Venture studios are increasingly appearing inside Fortune 100 companies and venture capital firms. They are created by large, innovative corporations. They are found in very successful, founder-focused venture capital firms. The basic definition of a venture studio is a group of seasoned entrepreneurs who assist in avoiding crucial and frequent pitfalls early in a company’s founding.
That seems simple enough, but there are four things about Venture Studios that you should be aware of right now:
- The model has some variations.
- The best early execution partners are venture studios.
- They maximize the likelihood of success.
- They represent the advancement of venture investing.
Those factors are explained in detail as follows.
Venture Studio model has several variations.
This venture model can be referred to in a variety of ways. Startup Studios, Company Builders, Venture Capital Studios, Venture Builders, and so on.
The point is that we all share the common goal of changing the game in terms of how to build and scale businesses from the ground up. That is something that all Venture Studios can agree on, even if we do it in different ways.
The range of expertise (marketing, design, development) and equity/capital structure of each venture studio will be different. Some venture studios gather their own ideas and develop them. Others are made to assist already-established startups in getting past the execution phase, into funding, and scaling.
Companies leave with a few customers, a Minimum Viable Product (MVP), and a business plan, but they are far from scalable and repeatable commercialization. Think of it as a “launch factory.”
Others, which aim to develop entrepreneurial ideas into a workable business unit or a spin-out, are aligned with particular corporations. Then there are those that incorporate a variety of these. The increased likelihood of success and the experienced entrepreneurs are the key connections.
Venture Studios are the best early execution partners.
An intriguing lens examines the statistics of startups associated with a specific accelerator. You’re likely to see something like “60% of our startups are still producing, operating, or thriving or something similar.” Sure. How many of those “graduates” have achieved scalable, repeatable commercialization? In reality, 80 percent of the startups that left accelerator XYZ are still statistically likely to fail. Does this imply that accelerators are bad? Certainly not. In the entrepreneurial ecosystem, accelerators play an important educational role. However, education can only take you so far.
Startups must have their MVP ready to hand over to customers. They require an operating plan as well as a weekly check-in to reprioritize them. They require an investor deck and introductions to those investors in order to raise capital. However, while 90% of startups fail, 70% fail during the execution phase.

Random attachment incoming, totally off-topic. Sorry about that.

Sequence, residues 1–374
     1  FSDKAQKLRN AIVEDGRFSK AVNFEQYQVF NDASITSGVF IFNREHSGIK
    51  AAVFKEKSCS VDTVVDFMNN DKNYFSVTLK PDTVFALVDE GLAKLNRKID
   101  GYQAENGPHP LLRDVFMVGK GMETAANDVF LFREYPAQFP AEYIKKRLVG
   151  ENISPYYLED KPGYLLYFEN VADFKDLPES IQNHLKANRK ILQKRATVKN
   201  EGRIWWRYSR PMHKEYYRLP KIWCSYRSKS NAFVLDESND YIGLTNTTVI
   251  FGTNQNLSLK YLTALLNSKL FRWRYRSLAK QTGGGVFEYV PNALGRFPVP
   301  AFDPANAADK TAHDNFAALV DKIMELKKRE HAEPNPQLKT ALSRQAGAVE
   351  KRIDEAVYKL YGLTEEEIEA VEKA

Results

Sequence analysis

For example, they hire the incorrect management team. Why? Because when they do, the discipline, tried-and-true methods, and best practices they learned in a lecture will be a distant memory. The same concept applies to the establishment of product management, the customer feedback loop, the product roadmap, the associated engineering schedule, and so on.
Venture studios maximize their chances of success.
The impact of seed-stage portfolios is to boost returns by lowering execution risk. Contract writing, sales model construction and adaptation, board selection and operation, patent or trade secret decisions, cash management, and a variety of other factors all contribute to execution risk. Most people make mistakes at some point, and as a result, they fail.
However, failure occurs most frequently after year two, as the startup progresses from launch to execution. As a result, the experienced entrepreneurs who assist the founder do so by “doing it with them” rather than “telling them how.” Studies show that experiential learning is the most effective form of learning, particularly when combined with didactic (classroom) learning. That is why aspiring surgeons must complete a residency program.
The goal is to figure out what works. What does the data imply? In the startup world, this means leveraging experience to address execution risk using tried-and-true methods and best practices.
According to the Global Startup Studio Network, startups that launch from venture studios have a 30% higher success rate. According to Santiago Perez of Polymath Ventures, the average investor return in the venture industry is 21%, but it rises to 55% when we consider venture studios.
Studios are the next step in the evolution of venture investing.
Most investors, particularly early-stage investors, like to “invest in innovation,” but they forget to innovate their own models. As operators became investors in the early 2000s and EIRs became more common, venture capital gradually evolved. Since then, the Venture Studio model has emerged as the most recent way to generate high alpha. For further details, you can take a look at our comparison between venture capital and venture studio.
Venture studios are not a difficult concept to grasp; they simply do not fit neatly into an existing investor box. We believe that the Venture Studio model is the best strategy for achieving the ecosystem’s game-changing breakthrough in the area.
Satom is a venture studio that focuses on ideating, validating, and scaling to empower small and middle-sized blockchain companies. We love blockchain technologies, particularly Web3-related ones. So if you have any ideas to run a Web3 startup or face any difficulties while running your startup, you can contact Satom for helps.